How Widely Is Computer-Aided Detection Used in Screening and Diagnostic Mammography?

Department of Radiology, Jefferson Medical College, Philadelphia, PA, USA.
Journal of the American College of Radiology: JACR (Impact Factor: 2.28). 10/2010; 7(10):802-5. DOI: 10.1016/j.jacr.2010.05.019
Source: PubMed

ABSTRACT The aim of this study was to determine how widely computer-aided detection (CAD) is used in screening and diagnostic mammography and to see if there are differences between hospital facilities and private offices.
The nationwide Medicare Part B fee-for-service databases for 2004 to 2008 were used. The Current Procedural Terminology(®) codes for screening and diagnostic mammography (both digital and screen film) and the CAD add-on codes were selected. Procedure volume was compared for screening vs diagnostic mammography and for hospital facilities vs private offices.
From 2004 to 2008, Medicare screening mammography volume increased slightly from 5,728,419 to 5,827,326 (+2%), but the use of screening CAD increased from 2,257,434 to 4,305,595 (+91%). By 2008, CAD was used in 74% of all screening mammographic studies. During this same time period, the Medicare volume of diagnostic mammography declined slightly from 1,835,700 to 1,682,026 (-8%), but the use of diagnostic CAD increased from 360,483 to 845,461 (+135%). By 2008, CAD was used in 50% of all diagnostic mammographic studies. In hospital facilities in 2008, CAD was used in 70% of all screening mammographic studies, compared with 81% in private offices. For diagnostic mammography in 2008, CAD was used in 48% in hospitals, compared with 55% in private offices.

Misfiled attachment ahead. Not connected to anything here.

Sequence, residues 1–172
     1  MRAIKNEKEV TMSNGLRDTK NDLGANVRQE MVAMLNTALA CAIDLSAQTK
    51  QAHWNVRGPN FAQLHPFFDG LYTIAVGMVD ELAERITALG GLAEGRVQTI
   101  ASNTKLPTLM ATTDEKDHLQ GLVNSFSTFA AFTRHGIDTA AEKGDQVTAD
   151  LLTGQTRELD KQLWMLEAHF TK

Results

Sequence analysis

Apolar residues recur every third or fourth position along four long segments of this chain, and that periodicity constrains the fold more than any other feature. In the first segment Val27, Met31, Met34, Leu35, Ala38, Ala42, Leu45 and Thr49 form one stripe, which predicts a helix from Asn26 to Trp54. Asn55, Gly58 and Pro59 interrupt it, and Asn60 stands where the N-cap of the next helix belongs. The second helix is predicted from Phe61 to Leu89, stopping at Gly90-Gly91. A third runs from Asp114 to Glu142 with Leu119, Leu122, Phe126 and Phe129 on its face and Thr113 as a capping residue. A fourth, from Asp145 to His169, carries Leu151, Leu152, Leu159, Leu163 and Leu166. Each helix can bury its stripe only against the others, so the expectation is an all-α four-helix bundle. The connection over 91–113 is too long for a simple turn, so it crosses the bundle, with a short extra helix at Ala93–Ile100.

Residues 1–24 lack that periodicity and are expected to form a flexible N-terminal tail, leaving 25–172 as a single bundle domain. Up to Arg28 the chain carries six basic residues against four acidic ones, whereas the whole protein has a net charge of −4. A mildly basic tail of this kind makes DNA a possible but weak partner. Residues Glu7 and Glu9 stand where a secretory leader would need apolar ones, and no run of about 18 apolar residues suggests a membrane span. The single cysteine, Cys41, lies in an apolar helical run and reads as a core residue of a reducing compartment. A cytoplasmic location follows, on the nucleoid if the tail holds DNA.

Despite some operational drawbacks to using CAD, radiologists have embraced it in an effort to improve cancer detection. Its use has grown rapidly, and in 2008, it was used in three-quarters of all screening mammographic studies and half of all diagnostic mammographic studies. Women undergoing either screening or diagnostic mammography are more likely to receive CAD if they go to a private office than if they go to a hospital facility, although the differences are not great.